In keeping with my view that Macbeth is akin to the Histories and to Richard III, I don’t agree with the arguments affirming his moral goodness, his depravity, and his decline.  He was already ambitious and as bloodthirsty and as dedicated to accession to power as any other king or pretender in Shakespeare.  When he hears the Weird Sisters proclaim that he will be king, there is no compelling reason why he should then decide to kill the king.  He could have accepted the prophecy and waited until it came true; but decided that if he was destined to have it, then why not take it.   His murders of Banquo, Fleance, and the sons of Macduff are not depraved crimes as Booth would have them, but no different from Richard’s systematic murders of his brother, his nephews, and any one else standing in his way.  A much more ‘moderate’ Henry IV still had Richard II murdered in the tower.  King John wanted Arthur to be murdered to eliminate his competition.  Henry VIII cut off heads with a singularity of purpose and regularity that outdid every other English king.  Were they villains? Evil? Depraved?  No.  They were simply acting according to the rules of the game, caught within the cogs of that historical machinery fueled by human nature.  If so, then why should Macbeth either be depraved or tragic?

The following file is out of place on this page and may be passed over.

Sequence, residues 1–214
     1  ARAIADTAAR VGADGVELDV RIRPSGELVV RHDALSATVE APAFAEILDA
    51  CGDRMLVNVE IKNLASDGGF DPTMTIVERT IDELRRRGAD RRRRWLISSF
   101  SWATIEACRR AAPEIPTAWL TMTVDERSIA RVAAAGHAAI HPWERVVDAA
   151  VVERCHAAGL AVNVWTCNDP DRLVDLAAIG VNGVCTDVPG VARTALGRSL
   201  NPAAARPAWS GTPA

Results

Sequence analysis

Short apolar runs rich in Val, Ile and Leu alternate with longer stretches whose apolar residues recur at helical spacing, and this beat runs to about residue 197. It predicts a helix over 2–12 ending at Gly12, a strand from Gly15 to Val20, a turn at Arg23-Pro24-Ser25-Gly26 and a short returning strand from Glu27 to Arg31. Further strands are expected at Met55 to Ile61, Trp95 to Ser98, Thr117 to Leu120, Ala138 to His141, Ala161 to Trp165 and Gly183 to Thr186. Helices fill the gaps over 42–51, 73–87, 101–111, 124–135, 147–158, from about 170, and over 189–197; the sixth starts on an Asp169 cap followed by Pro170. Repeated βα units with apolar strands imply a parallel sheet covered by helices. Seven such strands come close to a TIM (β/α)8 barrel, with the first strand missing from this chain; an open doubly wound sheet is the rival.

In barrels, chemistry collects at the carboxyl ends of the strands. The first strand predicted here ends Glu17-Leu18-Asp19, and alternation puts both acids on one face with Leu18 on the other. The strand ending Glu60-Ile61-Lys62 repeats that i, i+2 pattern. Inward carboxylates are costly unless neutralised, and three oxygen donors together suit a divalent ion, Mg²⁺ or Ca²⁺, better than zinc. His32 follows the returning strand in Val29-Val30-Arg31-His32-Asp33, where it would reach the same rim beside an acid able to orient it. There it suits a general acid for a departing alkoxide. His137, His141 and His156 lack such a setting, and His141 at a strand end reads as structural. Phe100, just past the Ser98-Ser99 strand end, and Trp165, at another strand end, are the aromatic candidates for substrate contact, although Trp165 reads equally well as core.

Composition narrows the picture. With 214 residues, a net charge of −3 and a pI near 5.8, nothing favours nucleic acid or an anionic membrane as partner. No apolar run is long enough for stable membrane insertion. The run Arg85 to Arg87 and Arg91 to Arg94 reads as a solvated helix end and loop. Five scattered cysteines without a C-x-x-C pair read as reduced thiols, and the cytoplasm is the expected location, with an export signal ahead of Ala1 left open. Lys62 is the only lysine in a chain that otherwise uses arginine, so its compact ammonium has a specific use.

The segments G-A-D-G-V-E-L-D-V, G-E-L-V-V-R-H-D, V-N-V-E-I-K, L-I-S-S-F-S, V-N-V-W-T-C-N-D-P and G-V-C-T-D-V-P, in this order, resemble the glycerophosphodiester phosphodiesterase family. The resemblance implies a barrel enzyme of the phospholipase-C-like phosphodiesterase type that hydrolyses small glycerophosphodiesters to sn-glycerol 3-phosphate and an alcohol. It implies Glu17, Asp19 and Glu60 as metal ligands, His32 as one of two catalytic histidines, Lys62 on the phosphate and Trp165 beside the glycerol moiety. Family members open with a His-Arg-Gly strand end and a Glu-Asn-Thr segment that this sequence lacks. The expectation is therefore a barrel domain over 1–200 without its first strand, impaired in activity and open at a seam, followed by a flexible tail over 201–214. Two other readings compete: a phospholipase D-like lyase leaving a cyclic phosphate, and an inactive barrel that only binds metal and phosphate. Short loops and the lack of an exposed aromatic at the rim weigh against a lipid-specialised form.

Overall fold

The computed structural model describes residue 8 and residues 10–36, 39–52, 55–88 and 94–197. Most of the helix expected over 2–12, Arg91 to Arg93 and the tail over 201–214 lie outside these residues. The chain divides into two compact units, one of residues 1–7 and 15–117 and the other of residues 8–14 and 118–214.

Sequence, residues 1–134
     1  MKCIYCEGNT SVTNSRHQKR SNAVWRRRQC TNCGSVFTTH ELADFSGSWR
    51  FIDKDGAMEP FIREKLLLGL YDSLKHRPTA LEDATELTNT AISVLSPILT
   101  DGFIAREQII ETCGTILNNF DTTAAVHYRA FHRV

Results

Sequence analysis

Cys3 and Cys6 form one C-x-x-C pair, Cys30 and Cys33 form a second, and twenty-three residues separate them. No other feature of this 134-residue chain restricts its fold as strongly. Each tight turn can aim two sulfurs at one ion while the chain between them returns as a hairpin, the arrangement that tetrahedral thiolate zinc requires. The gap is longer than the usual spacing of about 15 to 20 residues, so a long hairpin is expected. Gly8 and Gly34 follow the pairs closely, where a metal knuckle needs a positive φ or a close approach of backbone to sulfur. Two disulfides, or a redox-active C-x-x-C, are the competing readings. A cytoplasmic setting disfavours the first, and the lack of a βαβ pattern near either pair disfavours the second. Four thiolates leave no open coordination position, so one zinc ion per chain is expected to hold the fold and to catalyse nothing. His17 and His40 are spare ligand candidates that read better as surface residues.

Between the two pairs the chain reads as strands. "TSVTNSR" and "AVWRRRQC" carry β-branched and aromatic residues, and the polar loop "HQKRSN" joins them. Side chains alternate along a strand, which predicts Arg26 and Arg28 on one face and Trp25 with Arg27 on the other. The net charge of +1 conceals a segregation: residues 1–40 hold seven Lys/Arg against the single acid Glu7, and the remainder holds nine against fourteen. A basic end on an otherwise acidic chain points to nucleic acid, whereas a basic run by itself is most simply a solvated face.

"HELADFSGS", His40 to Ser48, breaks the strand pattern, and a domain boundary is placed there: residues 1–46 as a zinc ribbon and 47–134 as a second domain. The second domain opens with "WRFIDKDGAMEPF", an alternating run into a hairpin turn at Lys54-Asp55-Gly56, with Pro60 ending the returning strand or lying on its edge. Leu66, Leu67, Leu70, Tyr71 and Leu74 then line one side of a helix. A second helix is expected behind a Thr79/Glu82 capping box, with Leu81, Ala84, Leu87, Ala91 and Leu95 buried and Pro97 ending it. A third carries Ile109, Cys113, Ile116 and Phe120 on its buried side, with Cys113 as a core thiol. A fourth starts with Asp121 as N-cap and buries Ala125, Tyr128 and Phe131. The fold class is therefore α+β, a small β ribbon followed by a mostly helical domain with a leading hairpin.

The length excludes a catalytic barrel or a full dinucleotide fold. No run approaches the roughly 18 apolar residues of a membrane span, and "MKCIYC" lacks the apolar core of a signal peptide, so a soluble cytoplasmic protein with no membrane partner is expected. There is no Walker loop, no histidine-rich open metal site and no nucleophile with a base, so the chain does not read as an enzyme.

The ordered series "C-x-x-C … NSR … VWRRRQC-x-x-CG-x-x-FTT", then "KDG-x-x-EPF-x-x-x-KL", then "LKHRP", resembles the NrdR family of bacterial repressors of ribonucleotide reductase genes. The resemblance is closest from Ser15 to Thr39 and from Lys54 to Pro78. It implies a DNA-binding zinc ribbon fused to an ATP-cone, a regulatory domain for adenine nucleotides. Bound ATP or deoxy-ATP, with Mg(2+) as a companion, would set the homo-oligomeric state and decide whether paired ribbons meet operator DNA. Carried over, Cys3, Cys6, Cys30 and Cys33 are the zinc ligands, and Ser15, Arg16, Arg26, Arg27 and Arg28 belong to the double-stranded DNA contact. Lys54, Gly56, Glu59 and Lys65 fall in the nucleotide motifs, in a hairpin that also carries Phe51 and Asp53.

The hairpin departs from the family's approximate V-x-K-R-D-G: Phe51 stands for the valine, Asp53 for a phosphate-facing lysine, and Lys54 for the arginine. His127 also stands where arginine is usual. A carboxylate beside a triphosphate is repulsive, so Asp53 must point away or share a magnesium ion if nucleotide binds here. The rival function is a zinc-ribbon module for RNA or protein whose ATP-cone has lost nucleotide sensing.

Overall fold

Another argument of Booth’s suggesting that Macbeth is more tragic and heroic and therefore more deserving of our attention and sympathy than the kings is that he was unaware of the consequences of his actions – he was a warrior and he thought that committing murder would be the same thing on an individual scale: